Sen. Dick Durbin was acutely aware of the stacked battle he would face as the chief advocate of anti-foreclosure legislation.
"The banks -- hard to believe in a time when we're facing a banking crisis that many of the banks created -- are still the most powerful lobby on Capitol Hill. And they frankly own the place," a dispirited Durbin recently told a radio show.
Durbin was discussing the difficulty of passing bankruptcy reform legislation commonly known as "cramdown," a measure he's supported since the sub-prime mortgage crisis became apparent. If passed, cramdown would have allowed bankruptcy judges to modify home loans, keeping borrowers in their households and safe from foreclosure. Despite support from President Barack Obama, the measure was defeated last Thursday in a 51 to 45 vote, with the entire Republican caucus and 12 Democrats voting against the bill. After successfully carrying out an extensive lobbying operation that involved millions of dollars in campaign donations, the bankers might agree with Durbin's analysis of Capitol Hill's balance of power.
"We led the way on [the legislation] and we are clearly responsible for defeating this for the third time in the last year," David Kittle, chair of the Mortgage Bankers Association, told the American News Project last week.
The failure of the bankruptcy reform legislation is certainly bad news for the financially vulnerable borrowers it aimed to help. But it's also troublesome for the president: Not just a simple political defeat, the White House's failure to aggressively push the bill raises questions about the administration's ability -- and willingness -- to challenge bankers amid anxiety that the financial sector has too much influence over public policy.
The legislation wasn't just important to help hundreds of thousands of borrowers who could lose their home in a bankruptcy. The reform was central to the White House's housing policy to limit foreclosures in the wake of the real estate market's economy-damaging collapse. In February, the administration launched Making Home Affordable, a program designed to provide refinancing to a large pool of borrowers and to set new standards for modifying troubled loans. Because these modifications require lenders to take some loss, the administration provided them with generous incentive fees. But a stick was included alongside those carrots: If lenders couldn't modify loans enough to keep borrowers out of bankruptcy, then changes in bankruptcy law would allow judges to make the terms of the loan more favorable to borrowers. The change didn't appeal to mortgage bankers, and they set out to convince Congress to reject the idea.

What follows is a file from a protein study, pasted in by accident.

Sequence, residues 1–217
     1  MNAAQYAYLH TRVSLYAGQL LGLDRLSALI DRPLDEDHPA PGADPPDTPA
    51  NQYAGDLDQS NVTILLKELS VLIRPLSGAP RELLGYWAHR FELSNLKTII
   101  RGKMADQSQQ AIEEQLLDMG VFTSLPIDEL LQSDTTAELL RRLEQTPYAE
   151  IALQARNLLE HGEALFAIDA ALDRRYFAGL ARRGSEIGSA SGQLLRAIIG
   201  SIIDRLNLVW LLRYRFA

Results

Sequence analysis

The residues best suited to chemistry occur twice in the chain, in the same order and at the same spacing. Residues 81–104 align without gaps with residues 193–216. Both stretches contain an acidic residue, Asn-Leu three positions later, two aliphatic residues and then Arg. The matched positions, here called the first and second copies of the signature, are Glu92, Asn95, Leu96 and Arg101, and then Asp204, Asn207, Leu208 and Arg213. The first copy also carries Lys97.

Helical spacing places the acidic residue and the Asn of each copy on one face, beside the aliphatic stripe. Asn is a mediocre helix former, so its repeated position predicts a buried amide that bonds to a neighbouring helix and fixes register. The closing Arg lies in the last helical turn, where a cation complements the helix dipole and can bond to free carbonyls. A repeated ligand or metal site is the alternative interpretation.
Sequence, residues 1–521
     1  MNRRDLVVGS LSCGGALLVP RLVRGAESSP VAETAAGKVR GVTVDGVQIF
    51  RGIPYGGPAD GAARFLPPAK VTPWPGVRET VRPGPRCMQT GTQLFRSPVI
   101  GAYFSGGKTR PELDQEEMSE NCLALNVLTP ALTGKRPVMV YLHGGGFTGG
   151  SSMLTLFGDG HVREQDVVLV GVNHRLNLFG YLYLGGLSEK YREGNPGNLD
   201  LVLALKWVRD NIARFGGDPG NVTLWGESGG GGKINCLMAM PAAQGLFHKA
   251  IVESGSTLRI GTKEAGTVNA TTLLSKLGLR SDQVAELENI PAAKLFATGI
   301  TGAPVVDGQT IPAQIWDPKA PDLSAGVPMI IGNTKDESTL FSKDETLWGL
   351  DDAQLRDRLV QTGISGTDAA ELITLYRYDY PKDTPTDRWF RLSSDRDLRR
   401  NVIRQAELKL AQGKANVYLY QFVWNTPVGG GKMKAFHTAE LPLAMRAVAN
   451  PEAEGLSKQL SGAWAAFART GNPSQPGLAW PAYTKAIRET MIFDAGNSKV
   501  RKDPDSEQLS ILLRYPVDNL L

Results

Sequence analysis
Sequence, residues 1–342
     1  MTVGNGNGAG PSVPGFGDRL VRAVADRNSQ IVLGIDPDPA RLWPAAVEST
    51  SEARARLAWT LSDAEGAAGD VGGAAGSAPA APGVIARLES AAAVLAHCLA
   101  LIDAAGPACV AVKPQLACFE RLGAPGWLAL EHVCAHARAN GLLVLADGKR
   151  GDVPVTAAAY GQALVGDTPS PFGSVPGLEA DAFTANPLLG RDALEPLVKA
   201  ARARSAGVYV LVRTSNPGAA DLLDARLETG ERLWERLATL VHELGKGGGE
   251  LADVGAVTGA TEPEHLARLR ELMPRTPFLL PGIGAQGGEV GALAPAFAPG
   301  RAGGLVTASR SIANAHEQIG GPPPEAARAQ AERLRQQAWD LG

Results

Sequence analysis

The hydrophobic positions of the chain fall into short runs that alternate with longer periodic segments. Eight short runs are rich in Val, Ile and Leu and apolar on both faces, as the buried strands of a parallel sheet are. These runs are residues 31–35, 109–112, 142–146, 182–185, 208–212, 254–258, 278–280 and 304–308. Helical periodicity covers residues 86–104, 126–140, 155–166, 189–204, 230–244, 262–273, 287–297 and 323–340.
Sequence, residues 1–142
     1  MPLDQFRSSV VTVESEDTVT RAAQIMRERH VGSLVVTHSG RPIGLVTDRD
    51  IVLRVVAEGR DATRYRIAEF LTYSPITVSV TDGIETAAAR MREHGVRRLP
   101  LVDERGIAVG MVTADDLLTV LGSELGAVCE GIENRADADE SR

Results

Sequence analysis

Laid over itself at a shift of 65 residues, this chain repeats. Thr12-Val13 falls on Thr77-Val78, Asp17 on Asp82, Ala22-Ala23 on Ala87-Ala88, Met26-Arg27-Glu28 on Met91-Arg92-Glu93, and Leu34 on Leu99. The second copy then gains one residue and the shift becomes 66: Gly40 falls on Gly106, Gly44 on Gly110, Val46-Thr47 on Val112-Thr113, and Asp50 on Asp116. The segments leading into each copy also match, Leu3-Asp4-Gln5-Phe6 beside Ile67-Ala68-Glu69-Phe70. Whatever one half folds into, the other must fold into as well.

The bankers' larger argument against the legislation is that allowing a mortgage to be modified in bankruptcy court increases the loan's inherent risk, which will thus increase costs on borrowers and hurt credit availability. (Primary home mortgages are currently the only loans that are not subject to judicial modification.) Analysts at Credit Suisse and Georgetown University law professor Adam Levitin have argued that the legislation would not increase the cost of mortgage loans. Further, foreclosure is more expensive for lenders than modification. Among other evidence, the bill's supporters note that 2005 legislation that made it harder for credit-card borrowers to escape debt in bankruptcy -- essentially the opposite effect of cramdown -- had no noticeable effect on credit-card costs.
Francis Creighton, vice president and chief lobbyist of the Mortgage Bankers Association, makes the case that cramdown would increase the cost of home loans by citing loans for second homes, which are not protected from bankruptcy judges and cost borrowers more than primary home loans. He also notes that changes in agriculture bankruptcy law suggest that allowing judicial modification could lead to higher lending costs. But Creighton was unable to specify exactly how mortgage-borrowing costs might change under the law. Given the compromises offered in the Senate to restrict the bill to mortgages issued prior to the law's passage and to require modification attempts before bankruptcy, the legislation would likely have had a limited effect on future lending costs.